We all strive for happiness. And why wouldn’t we? After all, there is nothing better than being thoroughly satisfied and happy. But when is that even the case, when are we happy? What does “happiness” mean anyway?
All these are questions that people have been trying to answer for millennia. But there is no panacea here – luck and happiness, that are entirely different things for each of us.
Hence, we asked you directly what it is that brings a smile to your face in your everyday life. Laughter, sleeping in, waking up to the sound of birds chirping outside your window, sunshine, your furry friends and coffee – these are the things that make you happy. In short, it’s those famous “little things in life“. And people. Whether friends or family or just the friendly stranger smiling at you on public transport – people make us happy. After all, the coffee tastes even better in company and laughing together is more fun than alone. Happiness is one of those few things that becomes even bigger when we share it.
And because our fellow human beings give us so much – the happiness of not being alone – we should tell them much more often just how much we appreciate them. How grateful we are to have them, how much we love them, or even how much we think about them and miss them. Because giving people happiness is one of the greatest gifts – and sometimes it can be as easy as writing a letter or a postcard.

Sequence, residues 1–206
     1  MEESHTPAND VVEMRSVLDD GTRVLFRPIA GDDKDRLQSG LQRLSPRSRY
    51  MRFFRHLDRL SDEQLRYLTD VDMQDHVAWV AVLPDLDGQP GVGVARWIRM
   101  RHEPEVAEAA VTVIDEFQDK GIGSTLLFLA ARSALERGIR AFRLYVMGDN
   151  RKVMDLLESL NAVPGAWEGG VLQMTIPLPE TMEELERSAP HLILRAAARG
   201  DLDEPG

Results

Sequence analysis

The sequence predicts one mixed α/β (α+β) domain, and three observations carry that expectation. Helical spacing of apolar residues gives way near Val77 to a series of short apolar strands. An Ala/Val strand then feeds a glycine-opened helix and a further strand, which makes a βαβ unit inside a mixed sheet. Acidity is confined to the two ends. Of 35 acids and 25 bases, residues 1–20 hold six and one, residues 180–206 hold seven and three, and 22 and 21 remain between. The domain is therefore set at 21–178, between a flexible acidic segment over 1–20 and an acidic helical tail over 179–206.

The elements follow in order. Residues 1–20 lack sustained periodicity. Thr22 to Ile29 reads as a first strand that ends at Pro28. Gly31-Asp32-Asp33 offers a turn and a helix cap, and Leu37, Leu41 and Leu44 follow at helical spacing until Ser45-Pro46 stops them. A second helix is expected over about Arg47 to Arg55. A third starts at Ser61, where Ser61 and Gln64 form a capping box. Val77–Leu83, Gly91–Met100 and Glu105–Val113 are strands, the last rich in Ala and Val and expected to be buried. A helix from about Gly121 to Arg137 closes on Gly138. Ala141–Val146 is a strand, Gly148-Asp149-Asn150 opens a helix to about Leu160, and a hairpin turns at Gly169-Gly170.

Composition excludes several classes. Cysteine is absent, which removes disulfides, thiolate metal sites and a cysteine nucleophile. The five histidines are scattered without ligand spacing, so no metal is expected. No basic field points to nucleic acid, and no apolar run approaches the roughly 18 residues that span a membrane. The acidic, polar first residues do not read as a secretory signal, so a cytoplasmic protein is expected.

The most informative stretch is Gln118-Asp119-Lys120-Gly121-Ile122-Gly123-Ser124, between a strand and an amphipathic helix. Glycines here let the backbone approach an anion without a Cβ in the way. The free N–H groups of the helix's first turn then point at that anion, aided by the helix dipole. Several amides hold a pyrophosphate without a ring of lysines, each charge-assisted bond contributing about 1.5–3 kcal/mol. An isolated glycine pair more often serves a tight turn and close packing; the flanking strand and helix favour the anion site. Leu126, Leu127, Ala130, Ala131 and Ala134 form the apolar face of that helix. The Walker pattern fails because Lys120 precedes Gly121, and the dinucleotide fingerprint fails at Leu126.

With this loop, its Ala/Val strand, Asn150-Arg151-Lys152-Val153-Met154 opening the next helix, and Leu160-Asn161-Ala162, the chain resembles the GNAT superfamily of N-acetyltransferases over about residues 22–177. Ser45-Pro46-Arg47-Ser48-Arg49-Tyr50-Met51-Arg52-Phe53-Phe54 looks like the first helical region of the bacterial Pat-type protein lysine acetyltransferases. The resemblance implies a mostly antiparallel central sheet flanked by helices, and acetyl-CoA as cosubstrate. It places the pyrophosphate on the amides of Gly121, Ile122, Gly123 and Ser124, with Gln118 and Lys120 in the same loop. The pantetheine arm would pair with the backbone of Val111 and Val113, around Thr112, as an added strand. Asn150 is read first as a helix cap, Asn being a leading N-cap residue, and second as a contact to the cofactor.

5 fun facts about Happiness
- Since time immemorial, people have been concerned with the definition of happiness. For example, the Chinese Lao Tse (6th century BC) saw real happiness in stopping to chase happiness or other goals, because only then could a person become truly happy.
- According to research by Dutchman Ruut Veenhoven, the Danes are the happiest people on earth, followed by the Swiss and Icelanders.
- Positive psychology examines how positive emotions develop, how they shape the character and which framework conditions in society support positive traits.
- Dopamine, the “happiness substance”, makes our brain work better.
- Our brain is addicted to the feeling of happiness. In the 50s, the psychologist James Olds observed that rats, who could stimulate their pleasure center and the area of happiness in their brains themselves by pressing a button, kept on pressing it – until they almost died of thirst, hunger and exhaustion.